The future for news publishers is many things. Distribution is at its heart.
The big deals come when news publishers create sales channels with Telstra (Australia), NZ Telecom (New Zealand) and SingTel (Singapore).
That’s where the volume lies.
The future of journalism on the tablet computer – and, therefore, maybe the medium-term future of journalism – will be heavily dependent on sales channels, particularly with telecos.
They can offer a choice of content at the point of sale for a device, build content charges into the mobile data contract, do the billing and send publishers the money, less their clip of the ticket.
If that happens, then this becomes a marketing-led game for publishers and will require a massive re-evaluation of the industry’s skills and priorities around this area of the business.
Product, price, packaging, research, speed to market . . . cut-throat, real-world business issues. And the game will be played against many more content providers than traditional rivals.
Publishers will have to market themselves more heavily to be considered by the consumer; content will have to be relevant to lifestyles.
The game will change.
In all probability, the telcos will build web-based portals that allow customers to log in to change their content sources, or even volumes of content they have selected, to suit their personal circumstances.
Some of us might want more content while on holiday; some of us, less. No matter. Adjust the profile, and not only the content but the cost will be adjusted, too.
It will be simple and easy, I’m certain of it.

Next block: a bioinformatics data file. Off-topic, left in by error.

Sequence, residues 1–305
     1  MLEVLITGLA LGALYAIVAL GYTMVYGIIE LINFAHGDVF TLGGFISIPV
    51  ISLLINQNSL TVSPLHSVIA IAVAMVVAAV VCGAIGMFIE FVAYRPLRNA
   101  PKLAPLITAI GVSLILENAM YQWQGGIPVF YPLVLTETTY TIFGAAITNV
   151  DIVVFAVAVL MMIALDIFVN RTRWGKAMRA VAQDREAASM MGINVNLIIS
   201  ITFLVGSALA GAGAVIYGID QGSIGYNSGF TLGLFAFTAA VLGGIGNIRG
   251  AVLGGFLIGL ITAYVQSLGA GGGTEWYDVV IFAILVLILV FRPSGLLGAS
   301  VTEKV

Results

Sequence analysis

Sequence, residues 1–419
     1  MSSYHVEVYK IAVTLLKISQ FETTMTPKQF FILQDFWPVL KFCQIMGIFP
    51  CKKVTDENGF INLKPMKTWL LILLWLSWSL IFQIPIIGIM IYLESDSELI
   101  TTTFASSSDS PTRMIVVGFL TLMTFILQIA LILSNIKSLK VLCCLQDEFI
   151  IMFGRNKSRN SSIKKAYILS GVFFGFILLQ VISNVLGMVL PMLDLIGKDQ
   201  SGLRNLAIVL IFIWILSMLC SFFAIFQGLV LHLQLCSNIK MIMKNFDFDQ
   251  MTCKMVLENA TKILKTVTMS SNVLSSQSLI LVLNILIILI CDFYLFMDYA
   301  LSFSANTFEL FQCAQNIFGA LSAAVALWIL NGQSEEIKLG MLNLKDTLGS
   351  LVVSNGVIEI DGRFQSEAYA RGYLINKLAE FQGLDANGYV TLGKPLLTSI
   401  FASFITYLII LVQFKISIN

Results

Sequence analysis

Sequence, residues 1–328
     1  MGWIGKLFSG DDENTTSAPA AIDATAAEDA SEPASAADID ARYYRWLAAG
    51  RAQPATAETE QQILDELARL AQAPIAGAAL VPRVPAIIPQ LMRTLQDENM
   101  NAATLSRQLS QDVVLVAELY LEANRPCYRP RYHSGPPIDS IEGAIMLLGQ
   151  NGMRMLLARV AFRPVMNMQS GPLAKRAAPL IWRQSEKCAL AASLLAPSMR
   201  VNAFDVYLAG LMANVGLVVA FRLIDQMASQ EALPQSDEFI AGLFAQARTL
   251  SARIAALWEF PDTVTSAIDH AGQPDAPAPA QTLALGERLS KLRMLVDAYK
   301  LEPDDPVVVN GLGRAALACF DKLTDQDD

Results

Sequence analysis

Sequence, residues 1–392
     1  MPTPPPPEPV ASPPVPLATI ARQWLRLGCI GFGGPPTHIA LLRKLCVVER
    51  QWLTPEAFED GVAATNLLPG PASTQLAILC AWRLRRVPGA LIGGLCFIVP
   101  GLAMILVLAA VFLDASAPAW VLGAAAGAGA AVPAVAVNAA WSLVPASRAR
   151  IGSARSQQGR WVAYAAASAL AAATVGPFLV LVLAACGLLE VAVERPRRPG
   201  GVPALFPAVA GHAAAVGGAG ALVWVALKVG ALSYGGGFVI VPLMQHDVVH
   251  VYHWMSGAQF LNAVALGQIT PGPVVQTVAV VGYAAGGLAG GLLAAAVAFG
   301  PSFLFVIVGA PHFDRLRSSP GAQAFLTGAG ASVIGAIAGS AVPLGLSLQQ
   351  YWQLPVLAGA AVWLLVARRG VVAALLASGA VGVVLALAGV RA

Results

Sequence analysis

Success will depend more on the relationship with the reader than ever before. (Some may need to read that sentence again: keyword – “relationship”).
They’ll turn you on and off like a tap.
Great content will fly but only if marketed strongly and accurately, packaged correctly and priced right. The rest will sink but that just presents opportunities to evolve and improve.
With the telcos doing the billing, publishers need only worry about the journalism (in all its evolving forms), customer relationships and selling audiences to advertisers.
Right now, we’re all a bit fixated on the tech – Android vs. Apple; or tablets from Samsung, Dell, Apple and so on.
None of that really matters to a publisher in the medium to long-term.
Key will be the ability to forge alliances with sales channels for content, making sure the customer has the best opportunity to order journalism and a time when they are ready to buy.
And by the way, sales channels rarely accept lazy product marketing. So the pressure for publishers to keep evolving and spending money on marketing will come from the distribution side as much as anywhere else.
The management team at The Australian have created the beach-head.
If their work with Optus, and also in negotiating their app to be pre-loaded on to the Samsung Galaxy, is not inspirational to you, then I fear for your future.